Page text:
BP to Hell
BP’s underwater oil geyser, now that we have video coverage, no longer remains invisible. It competes for Prime Time. And yet while visible, it remains unrecognizable – a strange, amorphous reality persists in our memory.
The horror of this event, this environmental debauchery for profit, isn’t evident from the “live video,” but from the expressions of anguish on the faces of those directly affected, which is why the corporate media show us the puffed faces of executives, government bureaucrats and the ever-present politicians.
These are the “serious people” who, it is hoped, will assuage our outrage and contain our disgust. They assume the role of experts in a drama we know too well. Don’t they, or their clones, appear at all the disasters visited on modern society? And like the actors who portray concerned physicians promoting a new medical breakthrough on TV, we all know it’s phony. Their well-rehearsed lines meant to deflect our attention to technical data, or regulatory defects, essentially serve to stupefy us, to relegate our outrage to the basket of previous affronts and demonstrate again that we have no power to influence the course of events.
The first step out of our disempowerment, it seems to me, entails a clear recognition of the predicament that we find ourselves in with the BP oil geyser. This catastrophe, possibly the worst in a long train of similar disasters, is not adequately addressed by a simple environmental response. To call for clean energy, for example, essentially betrays our powerlessness, as does a regulatory response and even a criminal one. Throwing one corporate bastard in prison brings more lasting satisfaction than the other remedies, but it is still a symbolic gesture of futility. Did Bernie Madoff ‘s incarceration serve as a deterrent? One bad player in the game of socially approved thievery needs to be sacrificed occasionally to keep the thieving on track.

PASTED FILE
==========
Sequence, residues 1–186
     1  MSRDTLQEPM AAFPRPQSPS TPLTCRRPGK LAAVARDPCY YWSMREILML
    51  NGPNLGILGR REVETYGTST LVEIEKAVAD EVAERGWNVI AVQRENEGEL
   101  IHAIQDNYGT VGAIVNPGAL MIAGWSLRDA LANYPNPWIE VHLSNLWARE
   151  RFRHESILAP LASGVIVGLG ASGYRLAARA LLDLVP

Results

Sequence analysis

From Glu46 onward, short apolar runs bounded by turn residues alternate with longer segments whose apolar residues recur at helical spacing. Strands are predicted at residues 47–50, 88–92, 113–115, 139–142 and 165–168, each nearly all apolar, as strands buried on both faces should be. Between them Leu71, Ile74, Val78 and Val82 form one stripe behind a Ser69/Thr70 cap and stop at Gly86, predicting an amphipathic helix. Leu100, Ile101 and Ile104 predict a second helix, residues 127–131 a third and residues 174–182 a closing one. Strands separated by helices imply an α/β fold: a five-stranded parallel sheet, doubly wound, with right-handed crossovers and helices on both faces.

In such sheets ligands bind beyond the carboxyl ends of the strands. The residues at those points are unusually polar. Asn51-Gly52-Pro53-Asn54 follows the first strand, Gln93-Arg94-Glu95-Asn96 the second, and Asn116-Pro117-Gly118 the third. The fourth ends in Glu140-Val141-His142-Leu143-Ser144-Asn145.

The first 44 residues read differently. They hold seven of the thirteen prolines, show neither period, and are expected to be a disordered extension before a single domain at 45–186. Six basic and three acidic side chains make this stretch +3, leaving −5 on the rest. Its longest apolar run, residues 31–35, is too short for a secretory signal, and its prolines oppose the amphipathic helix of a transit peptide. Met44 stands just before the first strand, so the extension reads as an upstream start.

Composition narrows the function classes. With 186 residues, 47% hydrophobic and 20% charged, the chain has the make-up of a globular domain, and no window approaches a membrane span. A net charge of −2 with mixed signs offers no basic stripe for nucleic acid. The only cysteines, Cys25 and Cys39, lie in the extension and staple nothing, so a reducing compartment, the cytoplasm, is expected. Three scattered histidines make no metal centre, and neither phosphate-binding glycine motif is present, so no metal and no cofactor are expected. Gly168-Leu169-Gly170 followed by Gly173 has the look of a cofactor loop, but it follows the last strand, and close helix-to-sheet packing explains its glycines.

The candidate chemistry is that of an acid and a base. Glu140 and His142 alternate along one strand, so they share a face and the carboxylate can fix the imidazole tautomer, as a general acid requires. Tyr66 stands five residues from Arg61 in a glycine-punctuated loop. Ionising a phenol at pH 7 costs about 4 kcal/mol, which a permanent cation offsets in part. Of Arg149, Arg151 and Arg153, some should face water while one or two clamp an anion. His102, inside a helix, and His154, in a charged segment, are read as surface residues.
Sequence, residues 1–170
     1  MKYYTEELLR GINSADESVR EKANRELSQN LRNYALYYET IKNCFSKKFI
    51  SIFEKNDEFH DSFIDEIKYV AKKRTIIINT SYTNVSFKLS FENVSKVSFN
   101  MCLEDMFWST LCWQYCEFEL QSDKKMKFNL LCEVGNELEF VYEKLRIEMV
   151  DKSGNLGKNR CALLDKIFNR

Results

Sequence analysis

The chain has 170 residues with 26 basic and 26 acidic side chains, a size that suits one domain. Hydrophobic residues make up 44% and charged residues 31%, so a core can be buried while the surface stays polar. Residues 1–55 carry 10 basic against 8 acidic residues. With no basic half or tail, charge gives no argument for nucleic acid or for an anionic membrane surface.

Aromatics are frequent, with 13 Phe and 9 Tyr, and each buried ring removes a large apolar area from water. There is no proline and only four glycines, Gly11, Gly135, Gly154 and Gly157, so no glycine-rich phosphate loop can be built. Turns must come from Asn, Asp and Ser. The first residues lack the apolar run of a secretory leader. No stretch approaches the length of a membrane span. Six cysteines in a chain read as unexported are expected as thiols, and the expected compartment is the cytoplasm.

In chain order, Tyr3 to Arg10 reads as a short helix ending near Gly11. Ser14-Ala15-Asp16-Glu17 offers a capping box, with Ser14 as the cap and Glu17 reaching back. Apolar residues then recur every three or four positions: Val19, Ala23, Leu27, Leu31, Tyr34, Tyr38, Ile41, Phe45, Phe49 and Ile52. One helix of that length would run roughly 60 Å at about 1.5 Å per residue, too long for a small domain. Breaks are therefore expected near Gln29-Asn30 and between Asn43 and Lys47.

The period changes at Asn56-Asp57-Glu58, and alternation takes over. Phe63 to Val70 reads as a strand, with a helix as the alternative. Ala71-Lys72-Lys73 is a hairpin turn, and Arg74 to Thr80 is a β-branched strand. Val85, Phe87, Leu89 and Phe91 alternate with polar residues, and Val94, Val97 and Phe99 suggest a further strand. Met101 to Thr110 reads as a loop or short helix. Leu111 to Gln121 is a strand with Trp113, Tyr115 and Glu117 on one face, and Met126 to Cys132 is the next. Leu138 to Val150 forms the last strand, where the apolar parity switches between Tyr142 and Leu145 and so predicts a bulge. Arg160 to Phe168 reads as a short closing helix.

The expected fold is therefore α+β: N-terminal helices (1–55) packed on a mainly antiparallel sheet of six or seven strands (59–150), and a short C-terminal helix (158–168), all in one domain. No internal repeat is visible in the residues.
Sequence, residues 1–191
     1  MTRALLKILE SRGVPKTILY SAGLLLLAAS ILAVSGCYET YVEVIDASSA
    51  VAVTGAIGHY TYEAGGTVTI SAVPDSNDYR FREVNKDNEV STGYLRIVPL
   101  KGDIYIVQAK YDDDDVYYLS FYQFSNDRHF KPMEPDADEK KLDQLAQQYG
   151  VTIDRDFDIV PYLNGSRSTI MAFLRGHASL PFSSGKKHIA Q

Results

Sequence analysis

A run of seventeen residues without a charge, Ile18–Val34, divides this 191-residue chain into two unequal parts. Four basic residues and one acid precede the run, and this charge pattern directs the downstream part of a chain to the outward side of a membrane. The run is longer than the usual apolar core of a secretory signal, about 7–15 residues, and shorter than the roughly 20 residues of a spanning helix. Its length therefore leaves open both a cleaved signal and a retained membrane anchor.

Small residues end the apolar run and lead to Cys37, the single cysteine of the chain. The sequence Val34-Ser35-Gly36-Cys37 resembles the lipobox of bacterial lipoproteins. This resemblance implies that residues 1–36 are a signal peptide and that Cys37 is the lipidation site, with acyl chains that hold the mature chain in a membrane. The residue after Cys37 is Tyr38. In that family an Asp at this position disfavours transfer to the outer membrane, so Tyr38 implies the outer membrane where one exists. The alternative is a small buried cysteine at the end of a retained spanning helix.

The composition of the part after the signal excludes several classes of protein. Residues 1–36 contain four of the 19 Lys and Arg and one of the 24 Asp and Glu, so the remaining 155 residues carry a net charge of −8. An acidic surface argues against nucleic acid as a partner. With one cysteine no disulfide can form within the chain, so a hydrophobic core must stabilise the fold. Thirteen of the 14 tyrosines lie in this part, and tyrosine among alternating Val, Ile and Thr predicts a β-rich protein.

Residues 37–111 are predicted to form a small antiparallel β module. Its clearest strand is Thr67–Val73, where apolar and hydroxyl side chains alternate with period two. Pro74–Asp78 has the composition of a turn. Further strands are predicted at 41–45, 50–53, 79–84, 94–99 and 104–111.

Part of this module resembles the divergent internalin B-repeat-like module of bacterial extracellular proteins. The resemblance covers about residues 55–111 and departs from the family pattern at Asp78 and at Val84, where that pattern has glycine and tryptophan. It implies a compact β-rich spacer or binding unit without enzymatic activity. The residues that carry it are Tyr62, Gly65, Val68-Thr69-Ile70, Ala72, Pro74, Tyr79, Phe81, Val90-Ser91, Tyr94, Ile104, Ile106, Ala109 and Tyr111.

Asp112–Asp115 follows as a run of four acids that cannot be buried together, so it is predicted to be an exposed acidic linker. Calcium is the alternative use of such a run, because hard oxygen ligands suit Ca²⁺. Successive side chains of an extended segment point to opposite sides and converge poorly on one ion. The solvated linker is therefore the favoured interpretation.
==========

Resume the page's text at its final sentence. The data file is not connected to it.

We have to search deeper into the nexus of issues that this disaster reveals. We need, in fact, to recognize our complicity, beyond electing corporate lap dogs to Congress and beyond driving our cars. Our co-conspiracy, unwitting as it may be, revolves around our acceptance of the economic system as a monolithic given. Its not only the castle on the hill, it’s the system of obedience – the fiefdom.
The economy encompasses the daily transactions we accept without thinking, but also, more importantly, it seamlessly defines our dreams and visions. The pervasive effects of the economic imperative on our consciousness, let’s call it the Performance Principle, subverts our natural, biologic desire – the Pleasure Principle – to establish and attain personal goals and to work in harmony with others. The desire to transcend perceived human limits transmutes into the baser motivations of the Performance Principle under the influence of money and power. Scaling mountains may be one of the more lofty examples of the Pleasure Principle. Doing it with a corporate logo on your ass and with the prospect of future advertising contracts amounts to nothing more than a job, the first rung of the Performance Principle.